It would be nice to see the politicians who legitimise this type of behaviour held to account at the polls, but that will never happen.

  • lover not a fighter

    I think I may be a low percentage hetro-sexual but still hetro.

    I am willing to try some of the other alternatives given half a chance !

  • Framer

    The ONS report is worth a read for statistical methods, if a little dense at times, and the deeper findings not much reported otherwise.

    The interviewing techniques illustrated were designed to optimise answering and suggest reliability.

    1% in UK are gay or lesbian of whom two thirds are men. (It’s 2% in Canada.)

    0.5% are bisexual of whom two thirds are women.

    Northern Ireland has a 0.9% gay, lesbian and bisexual rate and the highest don’t know/refusal to answer rate of 5.3% (NE 1.%; London 4.2%).

    0.4% here are ‘Other’ (West Midlands 0.7%!)

    11.8% (85,786) say they are in a civil partnership. There have been around 42,000 since commencement which equals some 84,000 individuals making this statistic very convincing.

    Age breakdowns for gay men/lesbians go from 18% to 47% to 27%, to 6% being in the over 65s.

    Some interesting lower level statistics e.g. on gay smoking habits.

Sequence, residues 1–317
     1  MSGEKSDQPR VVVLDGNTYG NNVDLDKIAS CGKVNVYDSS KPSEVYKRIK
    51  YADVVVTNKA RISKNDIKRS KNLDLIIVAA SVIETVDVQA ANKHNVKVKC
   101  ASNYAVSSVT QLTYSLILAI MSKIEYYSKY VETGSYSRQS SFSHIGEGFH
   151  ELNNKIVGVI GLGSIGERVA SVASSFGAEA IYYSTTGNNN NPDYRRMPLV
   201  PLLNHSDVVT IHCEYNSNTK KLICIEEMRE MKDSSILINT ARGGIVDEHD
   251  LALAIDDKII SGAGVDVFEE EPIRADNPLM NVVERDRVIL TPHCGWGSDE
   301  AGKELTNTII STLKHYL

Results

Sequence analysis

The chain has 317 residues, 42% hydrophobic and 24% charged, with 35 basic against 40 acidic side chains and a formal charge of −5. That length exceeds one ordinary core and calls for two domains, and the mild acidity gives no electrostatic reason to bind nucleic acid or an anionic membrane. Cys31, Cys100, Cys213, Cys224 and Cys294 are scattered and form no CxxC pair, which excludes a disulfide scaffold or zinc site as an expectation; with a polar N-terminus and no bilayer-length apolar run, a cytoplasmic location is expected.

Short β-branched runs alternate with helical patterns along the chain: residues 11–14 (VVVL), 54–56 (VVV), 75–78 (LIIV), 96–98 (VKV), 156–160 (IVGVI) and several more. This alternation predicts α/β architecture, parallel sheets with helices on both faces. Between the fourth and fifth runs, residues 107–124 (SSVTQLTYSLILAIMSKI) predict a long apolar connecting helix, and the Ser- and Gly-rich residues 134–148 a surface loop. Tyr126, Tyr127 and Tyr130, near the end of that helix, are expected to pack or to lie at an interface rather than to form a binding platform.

• Big Maggie

    0.5% are bisexual of whom two thirds are women.

    Quite frankly, I don’t trust that stat one little bit. The bonobo chimpanzee shares 98.4% of its DNA with us yet is 100% bisexual.

    Somebody’s not being honest.

  • slug

    Its an absolutely huge sample.

    Assuming they stratified the sample so that about 3%-4% were from NI and 10% from London then that yields

    45,000 in London – gives very precise estimates
    13,500-18,000 in NI – pretty precise.

    Without looking up my Normal Distribution tables the difference between 0.9 and 2.2 is probably just about statistically significant with this size of sample—at the 5% level of significance

  • slug

    Having now done the math i have tested the null hypothesis that the population proportions are the same in London and NI.

    You get a Z statistic of 10.4.

    Assuming a two-tailed test (i.e. allowing alternative to differ on both sides (NI having either a higher or a lower proportion of gays) you get a P value of 0.0002 which is well below the significance level of 0.05, therefore the hypothesis that Turgon puts forward can be rejected.

  • slug

    I generally disagree with Turgon, but its rare to be able to reject one of his conjectures scientifically.

  • Based on the p values and confidence levels given by the IHS the percentage of those who identified themselves as G/L/B in London is between 1.9% and 2.5%, while that in NI is between 0.4% and 1.3%.